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Immigration and the Carceral State

Episode 102: Featuring Carl Lindskoog

The Nostalgia Trap podcast, hosted by David Parsons and produced by Peter Sabatino, features weekly conversations about history and politics with some of the left’s most incisive thinkers, writers, and extremely online personalities, exploring how individual lives intersect with the big events and debates of our era.

Carl Lindskoog is a historian of immigration, race, and rebellion whose forthcoming book Detain and Punish: Haitian Refugees and the Rise of the World’s Largest Immigration Detention System locates the roots of America’s current immigration policies in the history of U.S.-Haiti relations over the past several decades. His latest piece reminds us that horrific practices like child detention are sadly nothing new, explaining how the U.S. government’s response to an influx of Haitian refugees in the 1990s created the template for the harsh, punitive immigration system that exists today. In this conversation, Lindskoog tells the extraordinary story of Haitian children rising up against their American captors at a detention camp in Guantanamo Bay, and discusses how the history of resistance to the U.S. immigration system is part of the wider movement to confront the brutality of the American carceral state:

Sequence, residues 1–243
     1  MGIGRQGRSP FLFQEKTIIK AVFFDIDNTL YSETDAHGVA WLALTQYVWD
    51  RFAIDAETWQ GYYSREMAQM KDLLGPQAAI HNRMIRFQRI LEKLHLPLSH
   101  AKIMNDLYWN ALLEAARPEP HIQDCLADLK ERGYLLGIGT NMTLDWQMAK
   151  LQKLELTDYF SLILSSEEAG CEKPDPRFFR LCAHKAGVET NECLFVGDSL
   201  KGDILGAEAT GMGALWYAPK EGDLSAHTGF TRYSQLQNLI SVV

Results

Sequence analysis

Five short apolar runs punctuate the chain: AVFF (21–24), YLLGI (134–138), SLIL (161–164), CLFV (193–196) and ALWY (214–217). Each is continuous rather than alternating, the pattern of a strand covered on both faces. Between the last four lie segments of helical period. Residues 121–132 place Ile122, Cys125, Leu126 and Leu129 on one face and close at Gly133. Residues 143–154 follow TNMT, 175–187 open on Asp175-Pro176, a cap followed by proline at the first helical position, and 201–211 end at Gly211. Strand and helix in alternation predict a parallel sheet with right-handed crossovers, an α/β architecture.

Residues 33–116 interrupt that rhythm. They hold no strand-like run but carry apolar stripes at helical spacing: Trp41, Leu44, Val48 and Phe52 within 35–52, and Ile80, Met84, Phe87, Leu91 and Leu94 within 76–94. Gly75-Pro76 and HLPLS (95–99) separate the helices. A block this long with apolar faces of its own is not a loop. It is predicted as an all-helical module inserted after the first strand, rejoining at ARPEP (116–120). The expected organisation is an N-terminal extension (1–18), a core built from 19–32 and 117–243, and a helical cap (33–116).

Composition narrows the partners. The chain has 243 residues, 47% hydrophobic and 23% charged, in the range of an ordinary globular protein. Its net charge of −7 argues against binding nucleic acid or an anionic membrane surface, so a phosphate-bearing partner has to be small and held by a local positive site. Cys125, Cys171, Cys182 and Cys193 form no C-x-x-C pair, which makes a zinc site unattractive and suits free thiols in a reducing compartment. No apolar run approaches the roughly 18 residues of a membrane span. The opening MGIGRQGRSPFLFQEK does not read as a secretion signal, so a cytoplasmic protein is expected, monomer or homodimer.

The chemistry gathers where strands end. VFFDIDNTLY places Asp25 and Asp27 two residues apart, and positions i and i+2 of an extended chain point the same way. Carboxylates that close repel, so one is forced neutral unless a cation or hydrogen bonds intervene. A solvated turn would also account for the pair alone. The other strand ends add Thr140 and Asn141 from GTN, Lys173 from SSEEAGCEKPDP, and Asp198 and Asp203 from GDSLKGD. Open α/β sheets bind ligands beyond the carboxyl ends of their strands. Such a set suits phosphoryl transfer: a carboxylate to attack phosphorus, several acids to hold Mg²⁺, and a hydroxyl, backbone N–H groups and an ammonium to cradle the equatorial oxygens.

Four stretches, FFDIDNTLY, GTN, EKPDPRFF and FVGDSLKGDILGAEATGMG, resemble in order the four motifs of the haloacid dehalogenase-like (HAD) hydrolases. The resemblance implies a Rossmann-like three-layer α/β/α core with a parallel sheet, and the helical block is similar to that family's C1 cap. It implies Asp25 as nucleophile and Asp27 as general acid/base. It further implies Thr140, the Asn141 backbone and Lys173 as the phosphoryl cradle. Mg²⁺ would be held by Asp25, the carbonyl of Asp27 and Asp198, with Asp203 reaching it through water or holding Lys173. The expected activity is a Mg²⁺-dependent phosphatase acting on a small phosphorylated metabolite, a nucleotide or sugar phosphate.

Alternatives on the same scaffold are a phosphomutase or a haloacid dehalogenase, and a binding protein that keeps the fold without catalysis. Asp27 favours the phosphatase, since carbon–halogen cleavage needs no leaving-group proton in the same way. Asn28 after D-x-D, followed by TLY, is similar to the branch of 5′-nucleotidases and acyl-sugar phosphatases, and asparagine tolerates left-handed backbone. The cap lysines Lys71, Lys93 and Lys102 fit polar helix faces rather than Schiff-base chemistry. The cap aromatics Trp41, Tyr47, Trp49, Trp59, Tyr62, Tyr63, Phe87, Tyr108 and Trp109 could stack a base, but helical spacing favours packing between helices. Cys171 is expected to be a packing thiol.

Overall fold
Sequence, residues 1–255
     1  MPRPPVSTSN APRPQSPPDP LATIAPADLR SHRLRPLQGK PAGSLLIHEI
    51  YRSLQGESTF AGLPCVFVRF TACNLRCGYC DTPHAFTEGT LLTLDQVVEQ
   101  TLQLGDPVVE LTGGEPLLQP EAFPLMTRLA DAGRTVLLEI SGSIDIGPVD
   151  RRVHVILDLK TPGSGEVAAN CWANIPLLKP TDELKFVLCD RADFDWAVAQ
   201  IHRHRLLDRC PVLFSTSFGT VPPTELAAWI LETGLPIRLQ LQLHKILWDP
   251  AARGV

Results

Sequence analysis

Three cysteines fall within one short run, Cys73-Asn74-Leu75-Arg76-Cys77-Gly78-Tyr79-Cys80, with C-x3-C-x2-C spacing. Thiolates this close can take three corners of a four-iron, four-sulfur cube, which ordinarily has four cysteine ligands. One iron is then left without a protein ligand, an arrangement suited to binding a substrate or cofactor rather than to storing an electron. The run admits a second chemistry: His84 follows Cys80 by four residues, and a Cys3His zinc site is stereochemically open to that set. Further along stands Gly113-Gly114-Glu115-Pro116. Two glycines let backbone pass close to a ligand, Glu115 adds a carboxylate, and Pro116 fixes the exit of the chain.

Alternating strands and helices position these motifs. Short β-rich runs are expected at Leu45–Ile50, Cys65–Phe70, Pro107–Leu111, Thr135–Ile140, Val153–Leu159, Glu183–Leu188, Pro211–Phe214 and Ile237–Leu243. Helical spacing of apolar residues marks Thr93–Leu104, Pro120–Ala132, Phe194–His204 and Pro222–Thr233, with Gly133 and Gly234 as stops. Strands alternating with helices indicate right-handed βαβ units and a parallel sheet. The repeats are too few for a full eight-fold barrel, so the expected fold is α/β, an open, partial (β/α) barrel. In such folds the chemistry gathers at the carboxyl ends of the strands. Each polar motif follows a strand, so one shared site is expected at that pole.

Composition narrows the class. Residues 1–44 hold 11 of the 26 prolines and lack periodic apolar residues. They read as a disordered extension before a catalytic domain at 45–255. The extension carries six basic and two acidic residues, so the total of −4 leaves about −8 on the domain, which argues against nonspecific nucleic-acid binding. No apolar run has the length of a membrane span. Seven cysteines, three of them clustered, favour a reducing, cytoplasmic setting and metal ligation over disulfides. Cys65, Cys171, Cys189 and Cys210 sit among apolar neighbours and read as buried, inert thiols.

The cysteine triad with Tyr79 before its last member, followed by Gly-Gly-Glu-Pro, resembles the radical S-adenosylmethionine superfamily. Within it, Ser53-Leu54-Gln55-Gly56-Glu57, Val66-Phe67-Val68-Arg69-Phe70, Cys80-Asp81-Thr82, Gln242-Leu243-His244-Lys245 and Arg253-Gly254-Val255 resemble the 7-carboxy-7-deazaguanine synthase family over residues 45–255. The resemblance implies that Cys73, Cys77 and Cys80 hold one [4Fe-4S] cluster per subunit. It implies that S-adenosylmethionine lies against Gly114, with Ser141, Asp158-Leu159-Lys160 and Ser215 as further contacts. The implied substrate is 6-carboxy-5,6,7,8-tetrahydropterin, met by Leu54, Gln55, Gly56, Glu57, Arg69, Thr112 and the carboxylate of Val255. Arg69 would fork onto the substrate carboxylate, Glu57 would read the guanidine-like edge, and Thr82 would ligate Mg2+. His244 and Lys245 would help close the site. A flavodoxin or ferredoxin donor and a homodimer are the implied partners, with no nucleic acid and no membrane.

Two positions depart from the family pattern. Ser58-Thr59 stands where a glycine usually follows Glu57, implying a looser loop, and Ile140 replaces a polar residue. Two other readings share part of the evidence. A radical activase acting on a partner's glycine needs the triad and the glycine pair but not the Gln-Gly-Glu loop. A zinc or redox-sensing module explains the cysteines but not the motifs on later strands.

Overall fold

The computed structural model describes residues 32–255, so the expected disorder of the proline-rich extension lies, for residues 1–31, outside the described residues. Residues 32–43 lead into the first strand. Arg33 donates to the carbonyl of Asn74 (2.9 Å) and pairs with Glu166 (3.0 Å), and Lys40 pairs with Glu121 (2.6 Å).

It’s always the two sides, repression and resistance. Long before it’s Guantanamo detainees or immigrant detainees in the United States doing hunger strikes and resisting and organizing inside—which they’re doing right now and we’ve been hearing about for the past several years—in the 1970s Haitian women in a prison in West Virginia have a hunger strike . . . so this is a big part of the movement for refugee and immigrant rights that’s been going a for a long time.

And this is where I see the Haitian story as connected to the [work of] Heather Ann Thompson and other people who are documenting prisoner resistance and resistance inside, because just as incarcerated people have always fought for their freedom, so have incarcerated people who are immigrants . . . and that needs to be part of the story too.

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